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Dear Teacher


The Importance of Language Arts



July 01, 2008
Parents: The language arts are extremely important. Your children use their skills in this subject area to receive information, think logically and creatively, and express their ideas.

In the school curriculum, the language arts include reading, writing, spelling, vocabulary building, listening, speaking, handwriting, grammar and storytelling. We know that you will be encouraging your children to read this summer to enhance their reading skills; so our summer activities will focus on improving their speaking, listening, spelling, handwriting, vocabulary and grammar skills. Do keep in mind the all-important goal of making these activities family fun times.

Summer Language Arts Activity 1 – Speaking

How well your children can speak in school influences their participation in classroom discussions and their ability to give oral reports. Confident speakers tend to get higher grades because their verbal skills impress their teachers. The more your children talk at home, the more this skill will transfer to school. Turn your dinner table into family chat time through choosing a nightly activity that is appropriate for the ages of your children.

• Take turns telling what every family member did during the day.

• Play games. You might have everyone ask questions to guess the name of an object in the room or of a family friend, relative or famous person.

• Discuss books that family members are reading.

• Talk about favorite friends and foods.

• Make vacation plans that include something each member would like to do.

Summer Language Arts Activity 2 – Listening

If your children are good listeners, they will find it easier to learn from their teachers and classmates. You can promote improving this skill through doing new things with your children this summer. For example, find a docent-led tour of a museum that would be fun for your children to visit such as a toy, car or science museum. Or you and your children could visit a shop, art gallery, or museum where you follow instructions to complete a craft project.

Another possibility is joining your children at a cooking school like you see in some grocery stores. Everyone will have to listen carefully so the food item will taste like it should.

Summer Language Arts Activity 3 – Spelling

Many people, even educators, now say that being able to spell is not as important as it used to be as you can always use a computer to check spelling. However, most classroom work is still done with paper and pencil, and later on your children may need to write an SAT essay for admission to college. So it really helps for them to have good spelling skills.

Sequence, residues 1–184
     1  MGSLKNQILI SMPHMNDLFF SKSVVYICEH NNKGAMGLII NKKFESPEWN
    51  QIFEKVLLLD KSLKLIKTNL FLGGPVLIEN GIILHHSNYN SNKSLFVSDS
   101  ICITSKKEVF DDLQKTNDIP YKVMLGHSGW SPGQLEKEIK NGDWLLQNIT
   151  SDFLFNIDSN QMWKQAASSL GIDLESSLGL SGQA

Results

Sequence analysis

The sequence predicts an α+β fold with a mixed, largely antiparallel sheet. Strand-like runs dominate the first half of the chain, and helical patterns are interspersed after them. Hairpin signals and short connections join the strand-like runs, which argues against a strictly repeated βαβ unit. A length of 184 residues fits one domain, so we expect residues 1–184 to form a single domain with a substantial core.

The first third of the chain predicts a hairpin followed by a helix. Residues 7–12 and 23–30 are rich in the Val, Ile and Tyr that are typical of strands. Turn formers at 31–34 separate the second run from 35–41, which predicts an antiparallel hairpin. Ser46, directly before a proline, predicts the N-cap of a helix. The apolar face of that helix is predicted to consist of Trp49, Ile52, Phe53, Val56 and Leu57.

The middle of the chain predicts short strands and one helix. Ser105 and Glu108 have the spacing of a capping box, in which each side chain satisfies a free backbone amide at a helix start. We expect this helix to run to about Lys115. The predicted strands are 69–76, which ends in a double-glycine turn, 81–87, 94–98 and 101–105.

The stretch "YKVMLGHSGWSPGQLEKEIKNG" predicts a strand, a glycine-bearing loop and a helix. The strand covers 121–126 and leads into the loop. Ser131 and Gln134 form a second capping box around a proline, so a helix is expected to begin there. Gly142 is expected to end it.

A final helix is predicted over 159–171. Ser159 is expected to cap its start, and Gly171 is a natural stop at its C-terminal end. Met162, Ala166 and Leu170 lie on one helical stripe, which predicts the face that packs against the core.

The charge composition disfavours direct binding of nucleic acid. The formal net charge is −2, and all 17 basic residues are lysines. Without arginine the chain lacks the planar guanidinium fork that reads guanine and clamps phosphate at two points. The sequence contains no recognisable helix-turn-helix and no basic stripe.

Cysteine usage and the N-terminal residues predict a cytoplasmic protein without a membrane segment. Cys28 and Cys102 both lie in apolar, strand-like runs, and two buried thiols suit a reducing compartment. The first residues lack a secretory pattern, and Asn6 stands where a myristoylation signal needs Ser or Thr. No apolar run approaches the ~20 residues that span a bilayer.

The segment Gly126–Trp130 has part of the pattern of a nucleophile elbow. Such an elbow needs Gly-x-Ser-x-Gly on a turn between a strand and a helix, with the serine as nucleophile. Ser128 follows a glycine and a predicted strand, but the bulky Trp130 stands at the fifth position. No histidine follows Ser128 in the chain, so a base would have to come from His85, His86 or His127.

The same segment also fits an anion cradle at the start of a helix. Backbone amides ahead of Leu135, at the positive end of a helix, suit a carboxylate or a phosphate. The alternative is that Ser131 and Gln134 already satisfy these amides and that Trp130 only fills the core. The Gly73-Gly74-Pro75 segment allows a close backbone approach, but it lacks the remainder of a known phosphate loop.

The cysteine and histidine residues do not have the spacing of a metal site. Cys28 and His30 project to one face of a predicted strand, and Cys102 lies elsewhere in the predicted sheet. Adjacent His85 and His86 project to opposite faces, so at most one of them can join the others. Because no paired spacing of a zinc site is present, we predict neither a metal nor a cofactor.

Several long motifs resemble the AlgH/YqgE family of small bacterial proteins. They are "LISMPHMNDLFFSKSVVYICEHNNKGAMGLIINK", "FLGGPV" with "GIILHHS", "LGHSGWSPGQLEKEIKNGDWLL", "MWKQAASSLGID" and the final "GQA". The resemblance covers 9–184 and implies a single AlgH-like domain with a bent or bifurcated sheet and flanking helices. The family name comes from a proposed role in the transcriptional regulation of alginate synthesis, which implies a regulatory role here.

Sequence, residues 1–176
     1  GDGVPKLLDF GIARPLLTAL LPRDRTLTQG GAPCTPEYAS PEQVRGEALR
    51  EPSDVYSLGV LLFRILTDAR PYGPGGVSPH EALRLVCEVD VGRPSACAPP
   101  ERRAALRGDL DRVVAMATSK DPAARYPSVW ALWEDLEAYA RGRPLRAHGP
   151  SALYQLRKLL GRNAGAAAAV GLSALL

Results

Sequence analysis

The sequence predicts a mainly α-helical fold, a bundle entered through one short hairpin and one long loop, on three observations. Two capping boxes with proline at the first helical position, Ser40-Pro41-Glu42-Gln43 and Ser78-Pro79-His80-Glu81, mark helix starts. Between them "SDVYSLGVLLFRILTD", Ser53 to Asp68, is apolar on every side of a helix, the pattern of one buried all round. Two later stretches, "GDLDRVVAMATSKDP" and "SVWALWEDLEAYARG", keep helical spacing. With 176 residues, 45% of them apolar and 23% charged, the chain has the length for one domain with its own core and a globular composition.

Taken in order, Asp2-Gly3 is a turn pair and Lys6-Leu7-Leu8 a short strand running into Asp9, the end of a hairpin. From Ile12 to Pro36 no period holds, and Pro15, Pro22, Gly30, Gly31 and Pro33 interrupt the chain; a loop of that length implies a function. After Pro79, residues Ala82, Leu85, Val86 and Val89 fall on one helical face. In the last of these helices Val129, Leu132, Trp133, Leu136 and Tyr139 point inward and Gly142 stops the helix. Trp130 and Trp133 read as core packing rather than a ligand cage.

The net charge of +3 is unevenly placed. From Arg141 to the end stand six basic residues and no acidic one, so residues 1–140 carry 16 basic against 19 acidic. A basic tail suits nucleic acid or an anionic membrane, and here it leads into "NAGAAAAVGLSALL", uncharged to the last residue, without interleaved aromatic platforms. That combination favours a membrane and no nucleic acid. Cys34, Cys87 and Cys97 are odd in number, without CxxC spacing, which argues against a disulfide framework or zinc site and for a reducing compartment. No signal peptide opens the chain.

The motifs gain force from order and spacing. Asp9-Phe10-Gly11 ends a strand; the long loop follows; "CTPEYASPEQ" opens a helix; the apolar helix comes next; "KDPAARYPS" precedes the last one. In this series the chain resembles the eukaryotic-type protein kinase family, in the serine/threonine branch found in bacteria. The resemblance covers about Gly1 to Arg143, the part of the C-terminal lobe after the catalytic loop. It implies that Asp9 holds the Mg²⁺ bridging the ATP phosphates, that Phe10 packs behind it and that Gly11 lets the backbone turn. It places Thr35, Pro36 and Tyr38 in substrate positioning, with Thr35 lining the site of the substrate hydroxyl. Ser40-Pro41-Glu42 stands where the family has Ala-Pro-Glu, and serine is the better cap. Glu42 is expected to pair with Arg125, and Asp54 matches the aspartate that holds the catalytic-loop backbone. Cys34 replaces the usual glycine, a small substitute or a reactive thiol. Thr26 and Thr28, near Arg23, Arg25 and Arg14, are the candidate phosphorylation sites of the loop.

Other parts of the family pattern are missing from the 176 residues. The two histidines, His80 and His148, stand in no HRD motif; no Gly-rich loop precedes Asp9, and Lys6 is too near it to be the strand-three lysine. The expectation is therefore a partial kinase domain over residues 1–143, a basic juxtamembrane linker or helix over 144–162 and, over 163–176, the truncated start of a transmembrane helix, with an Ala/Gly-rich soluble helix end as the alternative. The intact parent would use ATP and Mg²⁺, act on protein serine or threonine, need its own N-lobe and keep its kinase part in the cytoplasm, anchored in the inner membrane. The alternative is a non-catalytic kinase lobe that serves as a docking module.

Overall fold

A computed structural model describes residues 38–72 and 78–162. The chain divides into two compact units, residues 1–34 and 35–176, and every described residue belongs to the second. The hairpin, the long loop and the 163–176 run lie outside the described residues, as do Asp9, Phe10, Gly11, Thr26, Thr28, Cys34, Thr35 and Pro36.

Playing games, such as Hangman, Boggle™ and Scrabble™ will require your children to use and expand their spelling skills. Also, you can give your children sidewalk chalk and encourage them to write words, letters, or messages on the sidewalk.

A good snack-time game is for your children to dump a box of alphabet cereal, candy or crackers on the table. Then they can eat only the words that they have made from the letters within a time limit.

Summer Language Arts Activity 4 – Handwriting

Poor handwriting is bound to influence teachers' reactions to your children's papers. Prepare your young children to write by working on their small motor skills. You can have them string beads, move small objects with tweezers, and put pennies into a piggy bank.

They can also improve these skills by playing the game Operation™. There's no fun in doing handwriting drills, but there is fun in introducing your children to calligraphy. Then you can encourage them to make signs to display in your home.

Summer Language Arts Activity 5 – Vocabulary

A good vocabulary quite often means good grades in the language arts. You can turn even ordinary family outings into vocabulary-building exercises. For example, at the grocery store, your young children can learn the names of such food items as asparagus, squash, avocado, and melon.

A visit to an office supply store can familiarize them with such supplies as binders, folders and staples. Older children will find that excursions to places such as railroad museums will teach them a new vocabulary including caboose, locomotive and diesel.

Or you can take them to ethnic restaurants so they'll acquire a vocabulary that includes words like fettuccine, guacamole or hors d'oeuvre. In addition, children in elementary school can learn a great deal about the interesting ways words can be used if you read and discuss their usage in Amelia Bedelia books.

Summer Language Arts Activity 6 – Grammar

Believe it or not, your children can have fun improving their grammar skills. Divide your family into two teams to play Verb Charades. They can use easy words such as kick, run and jump; and more difficult ones like think, move and raise.

Remind your children that the names of all the people, places and things that they see are called nouns. Then have them name all the people, places or things that they see in a restaurant or during a car drive.

Parents should send questions to Dear Teacher, in care of this publication, PO Box 395, Carmel, IN 46082-0395.

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